The anonymity of the Internet is not by any means absolute, however. Activity on IRC channels reveals addresses, many newsgroup postings reveal their origins. Service Providers can, if they wish, provide information on material downloaded from newsgroups. Even the proxy servers used by anonimyzer services must identify the user's IP address. The Internet is anonymous only because we allow it to be.

A further very important reason for the significance of the Internet in maintaining paedophile activity is the sense of virtual community that can emerge for participants. That is to say, by prolonged interaction with both people and processes on the Internet, a sense of involvement, intimacy and belonging can emerge that mirrors more normal face to face social interaction.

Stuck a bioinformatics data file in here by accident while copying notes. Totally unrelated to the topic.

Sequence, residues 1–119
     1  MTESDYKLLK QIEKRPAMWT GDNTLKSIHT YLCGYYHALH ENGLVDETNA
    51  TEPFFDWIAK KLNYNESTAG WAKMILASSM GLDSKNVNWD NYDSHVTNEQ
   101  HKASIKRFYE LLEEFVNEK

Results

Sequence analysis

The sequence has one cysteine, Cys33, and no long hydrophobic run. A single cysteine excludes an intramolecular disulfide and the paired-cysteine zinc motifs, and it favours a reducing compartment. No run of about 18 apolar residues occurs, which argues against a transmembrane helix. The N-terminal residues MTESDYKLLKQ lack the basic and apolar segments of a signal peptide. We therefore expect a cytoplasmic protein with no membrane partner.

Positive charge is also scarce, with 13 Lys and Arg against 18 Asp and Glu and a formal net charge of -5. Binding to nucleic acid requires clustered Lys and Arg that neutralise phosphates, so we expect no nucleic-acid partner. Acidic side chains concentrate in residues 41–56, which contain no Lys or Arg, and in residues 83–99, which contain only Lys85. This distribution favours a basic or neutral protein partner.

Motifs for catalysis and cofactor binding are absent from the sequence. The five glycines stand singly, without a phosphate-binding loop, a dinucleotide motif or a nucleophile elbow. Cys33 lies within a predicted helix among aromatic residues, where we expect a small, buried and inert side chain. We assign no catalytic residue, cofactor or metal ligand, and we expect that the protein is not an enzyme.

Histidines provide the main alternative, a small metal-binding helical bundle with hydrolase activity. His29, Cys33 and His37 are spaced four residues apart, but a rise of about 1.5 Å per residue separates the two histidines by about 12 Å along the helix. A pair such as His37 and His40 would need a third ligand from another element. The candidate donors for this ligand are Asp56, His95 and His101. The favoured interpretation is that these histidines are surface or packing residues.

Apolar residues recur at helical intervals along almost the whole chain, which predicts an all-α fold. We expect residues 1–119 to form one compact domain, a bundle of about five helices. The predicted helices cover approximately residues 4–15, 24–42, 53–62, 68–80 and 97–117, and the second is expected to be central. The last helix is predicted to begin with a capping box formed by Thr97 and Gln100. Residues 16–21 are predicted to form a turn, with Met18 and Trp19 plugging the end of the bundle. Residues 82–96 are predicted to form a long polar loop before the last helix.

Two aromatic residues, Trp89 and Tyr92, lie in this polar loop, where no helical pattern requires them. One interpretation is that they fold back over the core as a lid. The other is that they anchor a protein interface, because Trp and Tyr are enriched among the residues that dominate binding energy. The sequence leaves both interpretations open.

Friendships and a sense of constructed personality of the person you are interacting with can emerge. It is of course different from normal social interaction in that the individual never knows in any normal sense who he or she is interacting with, or how accurate the construction is. 

However, anonymity and constructed identity notwithstanding, there is a clear sense of a virtual paedophile community on the Internet, which is structured and organised. It extends across national boundaries, and enables the relatively isolated paedophile to engage with others who share sexual interests in children in a non-threatening and secure way. 

This virtual community is an important source of support, justification, information, and self-help, as well as facilitating the exchange and distribution of sexually attractive images, and sometimes of course children. Through bulletin boards and newsgroup postings, this virtual community has developed an effective almost self-sustaining collective structure, with individuals occupying different functional roles. This is of course supplemented by the private communication potential of the Internet.